In these unprecedented times, what happens in Vegas, doesn't stay in Vegas.
A cellphone data revealed that casinos in Las Vegas are a major hotbed for the spread of COVID-19. Contact tracing has proved to be futile as tourists return to their homes across the nation.
Las Vegas casinos reopened on June 4, and have become a possible major hotbed for the transmission of the novel coronavirus, according to public health experts. If tourists get to return home and tests positive for COVID-19, then the act of contact tracing amid a pandemic is practically rendered useless in the event a huge outbreak arises.
ProPublica, "a nonprofit newsroom that investigates abuses of power", published a report last week describing how the popular tourist and gambling destination is making it difficult for health officials to monitor and make contact tracing effective.
The media outlet looked at cellphone travel patterns that were gathered in a specific place, which were analyzed by two companies that specialize in location data. The focus was on travel patterns of mobile devices that traveled at "pedestrian speeds" on the Las Vegas strip during the weekends in May, June and July.
In the month of May when Las Vegas casinos were not yet allowed to open, cellphone data revealed that most of those devices remained concentrated in the southwest region of the country.
However, when Nevada casinos were allowed to reopen on June 4, the device count on the Strip significantly doubled. Also, there was increased travel activity to and from major east coast and midwest cities.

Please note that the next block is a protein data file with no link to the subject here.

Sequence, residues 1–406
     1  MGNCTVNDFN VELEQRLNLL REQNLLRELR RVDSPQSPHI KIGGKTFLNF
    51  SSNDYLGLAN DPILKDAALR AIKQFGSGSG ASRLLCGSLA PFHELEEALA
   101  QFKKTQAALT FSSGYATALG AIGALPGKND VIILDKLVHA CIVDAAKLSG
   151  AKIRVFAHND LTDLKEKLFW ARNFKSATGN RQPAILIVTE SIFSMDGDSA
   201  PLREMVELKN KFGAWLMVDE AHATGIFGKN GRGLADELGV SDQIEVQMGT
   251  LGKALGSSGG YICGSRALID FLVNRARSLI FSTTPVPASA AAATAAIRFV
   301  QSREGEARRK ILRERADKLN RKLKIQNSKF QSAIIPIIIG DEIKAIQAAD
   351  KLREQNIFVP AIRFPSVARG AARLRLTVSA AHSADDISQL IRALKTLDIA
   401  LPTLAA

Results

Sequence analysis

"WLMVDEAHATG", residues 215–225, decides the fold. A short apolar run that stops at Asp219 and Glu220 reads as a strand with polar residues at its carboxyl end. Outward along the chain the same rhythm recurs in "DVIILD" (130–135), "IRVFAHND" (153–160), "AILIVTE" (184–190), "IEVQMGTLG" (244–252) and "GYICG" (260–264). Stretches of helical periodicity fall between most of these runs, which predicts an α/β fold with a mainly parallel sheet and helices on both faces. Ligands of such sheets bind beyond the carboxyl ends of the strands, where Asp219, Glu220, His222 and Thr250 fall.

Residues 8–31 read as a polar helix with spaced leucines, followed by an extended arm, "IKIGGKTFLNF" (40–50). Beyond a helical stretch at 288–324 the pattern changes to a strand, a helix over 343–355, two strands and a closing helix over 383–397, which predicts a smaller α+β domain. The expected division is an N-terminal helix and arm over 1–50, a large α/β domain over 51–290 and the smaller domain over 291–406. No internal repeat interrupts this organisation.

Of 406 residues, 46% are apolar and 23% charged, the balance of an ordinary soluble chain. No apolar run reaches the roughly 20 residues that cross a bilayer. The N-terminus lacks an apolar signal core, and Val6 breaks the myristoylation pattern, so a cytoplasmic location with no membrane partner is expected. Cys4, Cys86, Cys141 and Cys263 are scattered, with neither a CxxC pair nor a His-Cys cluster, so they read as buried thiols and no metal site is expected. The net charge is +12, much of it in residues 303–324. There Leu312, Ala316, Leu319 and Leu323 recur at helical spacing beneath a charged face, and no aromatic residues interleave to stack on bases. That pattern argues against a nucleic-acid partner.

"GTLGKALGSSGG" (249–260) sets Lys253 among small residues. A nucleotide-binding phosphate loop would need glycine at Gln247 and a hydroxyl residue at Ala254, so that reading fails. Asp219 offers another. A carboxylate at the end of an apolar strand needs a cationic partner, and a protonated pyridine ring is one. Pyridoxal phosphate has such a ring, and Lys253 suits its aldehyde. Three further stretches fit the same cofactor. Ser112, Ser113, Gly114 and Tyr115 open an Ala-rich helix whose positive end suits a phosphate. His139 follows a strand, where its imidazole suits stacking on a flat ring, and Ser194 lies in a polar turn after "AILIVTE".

By July, data showed that there was significant travel in and out of Las Vegas in every U.S. state.
Contact tracing, one of the pillars of stopping the pandemic, is a process where government officials keep track those who may have been in contact with someone who has tested positive for the virus. Then those people would have to get themselves tested as well, and take necessary measures to prevent it from spreading any further.
The process is done on a state level, which means it is impossible for officials to contact all those who may have been exposed to a positive case that made a trip to Las Vegas. In hypothesis, an outbreak in a Las Vegas casino would be really impossible to trace, given the traffic patterns seen in the study.
On the maps shown above, around 26,000 cellphones showed up on the Las Vegas Strip in a 4-day period in mid-July. Thousands of the same devices detected on the Strip were also located in the Southwestern United States and cities across the nation in the same four days, including every mainland state except Maine. Areas in orange show where devices were tracked. A deeper glow means more devices were concentrated in that area.
Clearly, casinos are high-risk areas for the spread of the virus, but in the re-opening process, these gambling properties have been adhering to the safety regulations imposed by government officials. Las Vegas casinos are operating at reduced capacity and have implemented stricter sanitation procedures in order to reduce the spread. For example, Wisconsin casinos have recently started using ultra-violet light systems in their ventilation systems to sanitize recirculated air.